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Just a story to illustrate what we sometimes deal with, because one deer isn't necessarily the equivalent of another in this country. A few years back I was hunting in Mason county, which is no only rocky but pretty much covered in granite. Winters here are rarely snowy, and the vegetation has pretty much died by deer season.

Shot a doe up on a small ridge and had to drag her back down a rocky slope, a couple hundred yards. Not too far, really. By the time I made it to the bottom, all the hair was gone off one side! Just hide....

The animals (deer and pigs) get that gritty dust in their fur. Yeah I try not to cut in from the outside, but you gotta start somewhere.... our deer aren't equipped with zippers :D

I found a big increase in the longevity of a knife edge, if I did all of the initial cuts with a carpet or roofing blade in a utility knife. Just that first few cuts kills the edge if you are hunting in those conditions.

Now, pigs, they are a different story. You don't make a few cuts and start to peel them like a deer. You make a few cuts, then you cut every inch of hide off of them! It's all stuck on tight. Yeah you try to not cut through but you do anyway, the hide is pretty thin. So, between the effort of having to chop off every square inch of hide, and the initial cuts through whatever they were wallowing in, and the accidental cuts back through the hide, knives don't last long.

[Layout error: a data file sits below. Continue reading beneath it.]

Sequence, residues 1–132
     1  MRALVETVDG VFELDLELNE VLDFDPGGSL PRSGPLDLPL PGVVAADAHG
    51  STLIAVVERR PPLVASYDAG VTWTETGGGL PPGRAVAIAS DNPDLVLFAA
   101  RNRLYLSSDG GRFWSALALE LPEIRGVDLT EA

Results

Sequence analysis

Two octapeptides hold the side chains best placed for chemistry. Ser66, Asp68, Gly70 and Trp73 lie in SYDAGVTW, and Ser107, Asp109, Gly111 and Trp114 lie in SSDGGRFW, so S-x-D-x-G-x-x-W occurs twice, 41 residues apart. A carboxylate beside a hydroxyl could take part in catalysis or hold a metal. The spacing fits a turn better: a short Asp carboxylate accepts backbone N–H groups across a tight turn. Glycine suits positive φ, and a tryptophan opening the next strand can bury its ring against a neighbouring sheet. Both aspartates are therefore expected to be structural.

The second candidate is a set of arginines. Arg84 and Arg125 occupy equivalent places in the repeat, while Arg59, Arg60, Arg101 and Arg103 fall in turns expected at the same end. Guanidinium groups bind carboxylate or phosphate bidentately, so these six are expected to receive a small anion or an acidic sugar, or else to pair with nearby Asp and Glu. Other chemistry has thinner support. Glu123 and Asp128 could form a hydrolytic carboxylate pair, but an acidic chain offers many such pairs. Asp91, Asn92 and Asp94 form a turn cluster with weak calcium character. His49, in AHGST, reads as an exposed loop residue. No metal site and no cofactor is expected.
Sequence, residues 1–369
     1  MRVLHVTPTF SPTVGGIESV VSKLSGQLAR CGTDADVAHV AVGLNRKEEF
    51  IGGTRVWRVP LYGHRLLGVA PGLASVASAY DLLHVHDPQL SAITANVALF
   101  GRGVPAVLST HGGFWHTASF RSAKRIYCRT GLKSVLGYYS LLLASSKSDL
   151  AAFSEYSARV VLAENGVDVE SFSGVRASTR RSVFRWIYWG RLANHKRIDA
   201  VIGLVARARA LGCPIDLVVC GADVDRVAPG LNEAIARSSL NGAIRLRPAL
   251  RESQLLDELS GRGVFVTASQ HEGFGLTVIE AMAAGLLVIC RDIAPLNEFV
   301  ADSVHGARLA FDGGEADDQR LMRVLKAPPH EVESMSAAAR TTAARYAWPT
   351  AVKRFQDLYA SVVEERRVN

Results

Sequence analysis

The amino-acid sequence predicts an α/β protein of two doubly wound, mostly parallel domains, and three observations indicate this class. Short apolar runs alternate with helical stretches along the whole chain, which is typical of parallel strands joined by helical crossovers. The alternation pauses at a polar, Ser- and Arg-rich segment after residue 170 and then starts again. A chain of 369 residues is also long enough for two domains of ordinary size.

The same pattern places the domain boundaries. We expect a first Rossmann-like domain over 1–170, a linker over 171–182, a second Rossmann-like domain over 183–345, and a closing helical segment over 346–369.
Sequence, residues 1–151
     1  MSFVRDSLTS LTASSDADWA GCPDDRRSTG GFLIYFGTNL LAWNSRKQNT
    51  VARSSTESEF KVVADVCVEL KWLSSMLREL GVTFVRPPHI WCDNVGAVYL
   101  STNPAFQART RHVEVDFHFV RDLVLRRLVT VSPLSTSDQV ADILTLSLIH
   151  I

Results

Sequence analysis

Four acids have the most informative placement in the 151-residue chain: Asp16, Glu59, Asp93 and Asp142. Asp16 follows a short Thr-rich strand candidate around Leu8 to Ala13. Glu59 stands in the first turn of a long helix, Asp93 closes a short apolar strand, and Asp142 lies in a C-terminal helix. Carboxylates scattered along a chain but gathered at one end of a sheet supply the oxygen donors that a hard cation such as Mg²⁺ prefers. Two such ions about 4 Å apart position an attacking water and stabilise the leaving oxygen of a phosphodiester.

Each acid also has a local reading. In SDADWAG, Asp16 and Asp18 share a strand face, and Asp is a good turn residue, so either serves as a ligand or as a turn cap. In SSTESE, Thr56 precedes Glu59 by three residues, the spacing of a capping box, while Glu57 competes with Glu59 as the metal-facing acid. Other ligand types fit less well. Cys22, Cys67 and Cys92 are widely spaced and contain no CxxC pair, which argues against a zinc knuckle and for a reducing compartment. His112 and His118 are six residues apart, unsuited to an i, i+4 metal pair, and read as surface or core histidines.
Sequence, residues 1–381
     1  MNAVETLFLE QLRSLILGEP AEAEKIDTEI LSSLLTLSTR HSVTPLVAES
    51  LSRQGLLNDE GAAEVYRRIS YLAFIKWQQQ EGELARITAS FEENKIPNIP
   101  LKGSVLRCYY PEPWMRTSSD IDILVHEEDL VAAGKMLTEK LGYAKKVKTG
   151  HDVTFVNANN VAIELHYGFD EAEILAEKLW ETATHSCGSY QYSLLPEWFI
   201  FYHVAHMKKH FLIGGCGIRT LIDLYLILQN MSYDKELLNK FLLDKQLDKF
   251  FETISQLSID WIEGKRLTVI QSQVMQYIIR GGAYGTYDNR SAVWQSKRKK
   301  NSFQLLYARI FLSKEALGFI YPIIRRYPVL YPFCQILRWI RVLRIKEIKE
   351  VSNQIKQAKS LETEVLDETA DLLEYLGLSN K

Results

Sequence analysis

I will fully understand the claim that a good hunting knife can go through several deer before you have to sharpen it. In ideal conditions, I can do that too. But I butcher 8-10-12 animals a year, and frankly if I can find something that works 5% or 10% better, I'm sure going to switch over.

If all I had to skin was 1 or 2 deer a year I wouldn't care. Maybe I'd even enjoy doing it the hard way - after all I bowhunt and handgun hunt too. Use to sharpen all my knives with Arkansas stones but frankly that just gets old the 3rd or 4th time during the season.

Those guides using the knives - that really tells you something. They go through a lot of critters and they aren't going to use something that doesn't work.

Anyway, to each his own.
 

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Well, I wouldnt call replacable blades the best tool available, unless you cant use a wet stone. convenient, sure, but i have never thought it so horrible that i spend 5 minutes touching up my blades, after every other elk, or after 5-6 deer. If any of you have been to a butcher shop, they sure as heck dont use scalpels or any other nonsense, they use qaulity butchering knives, whether it be for skinning or cutting steaks.
I've actually helped process 5 or 6 deer, on several occasions, and even good knives will need to be sharpened more than once when skinning, quartering and deboning that much venison.

On another note, if you ever find yourself working with a taxidermist, ask HIM what he skins the head of a trophy animal with. ;)